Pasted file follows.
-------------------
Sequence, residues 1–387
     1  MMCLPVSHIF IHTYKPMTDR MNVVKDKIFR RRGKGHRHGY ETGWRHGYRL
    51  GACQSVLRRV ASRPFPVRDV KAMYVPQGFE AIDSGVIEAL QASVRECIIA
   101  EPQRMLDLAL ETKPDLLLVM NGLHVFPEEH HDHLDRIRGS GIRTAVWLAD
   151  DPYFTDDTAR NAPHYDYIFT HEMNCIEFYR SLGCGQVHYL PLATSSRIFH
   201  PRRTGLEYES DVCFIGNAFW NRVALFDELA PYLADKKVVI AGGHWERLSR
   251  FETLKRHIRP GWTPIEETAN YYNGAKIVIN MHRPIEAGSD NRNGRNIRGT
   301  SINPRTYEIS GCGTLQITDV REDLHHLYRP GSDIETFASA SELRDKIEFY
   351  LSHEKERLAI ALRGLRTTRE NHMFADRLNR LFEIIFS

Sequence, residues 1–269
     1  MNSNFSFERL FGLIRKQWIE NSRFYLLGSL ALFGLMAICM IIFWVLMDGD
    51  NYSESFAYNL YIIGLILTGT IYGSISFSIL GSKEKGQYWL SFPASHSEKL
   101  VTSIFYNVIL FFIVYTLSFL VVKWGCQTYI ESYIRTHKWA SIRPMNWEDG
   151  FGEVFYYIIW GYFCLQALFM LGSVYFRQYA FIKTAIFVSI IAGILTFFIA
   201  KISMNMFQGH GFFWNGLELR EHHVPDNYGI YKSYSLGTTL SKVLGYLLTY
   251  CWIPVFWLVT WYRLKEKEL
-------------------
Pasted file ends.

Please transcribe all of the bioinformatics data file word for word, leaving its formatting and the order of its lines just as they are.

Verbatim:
Sequence, residues 1–387
     1  MMCLPVSHIF IHTYKPMTDR MNVVKDKIFR RRGKGHRHGY ETGWRHGYRL
    51  GACQSVLRRV ASRPFPVRDV KAMYVPQGFE AIDSGVIEAL QASVRECIIA
   101  EPQRMLDLAL ETKPDLLLVM NGLHVFPEEH HDHLDRIRGS GIRTAVWLAD
   151  DPYFTDDTAR NAPHYDYIFT HEMNCIEFYR SLGCGQVHYL PLATSSRIFH
   201  PRRTGLEYES DVCFIGNAFW NRVALFDELA PYLADKKVVI AGGHWERLSR
   251  FETLKRHIRP GWTPIEETAN YYNGAKIVIN MHRPIEAGSD NRNGRNIRGT
   301  SINPRTYEIS GCGTLQITDV REDLHHLYRP GSDIETFASA SELRDKIEFY
   351  LSHEKERLAI ALRGLRTTRE NHMFADRLNR LFEIIFS

Sequence, residues 1–269
     1  MNSNFSFERL FGLIRKQWIE NSRFYLLGSL ALFGLMAICM IIFWVLMDGD
    51  NYSESFAYNL YIIGLILTGT IYGSISFSIL GSKEKGQYWL SFPASHSEKL
   101  VTSIFYNVIL FFIVYTLSFL VVKWGCQTYI ESYIRTHKWA SIRPMNWEDG
   151  FGEVFYYIIW GYFCLQALFM LGSVYFRQYA FIKTAIFVSI IAGILTFFIA
   201  KISMNMFQGH GFFWNGLELR EHHVPDNYGI YKSYSLGTTL SKVLGYLLTY
   251  CWIPVFWLVT WYRLKEKEL